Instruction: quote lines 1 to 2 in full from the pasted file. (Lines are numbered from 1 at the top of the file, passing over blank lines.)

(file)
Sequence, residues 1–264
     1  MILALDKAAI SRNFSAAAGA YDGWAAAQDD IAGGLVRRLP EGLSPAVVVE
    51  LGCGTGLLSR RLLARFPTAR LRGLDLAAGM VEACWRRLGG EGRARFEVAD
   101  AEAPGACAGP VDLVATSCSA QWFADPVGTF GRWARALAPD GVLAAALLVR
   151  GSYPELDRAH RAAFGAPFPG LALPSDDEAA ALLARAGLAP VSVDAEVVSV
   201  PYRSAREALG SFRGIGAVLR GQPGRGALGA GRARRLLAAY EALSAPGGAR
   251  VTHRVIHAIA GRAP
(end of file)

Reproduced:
Sequence, residues 1–264
     1  MILALDKAAI SRNFSAAAGA YDGWAAAQDD IAGGLVRRLP EGLSPAVVVE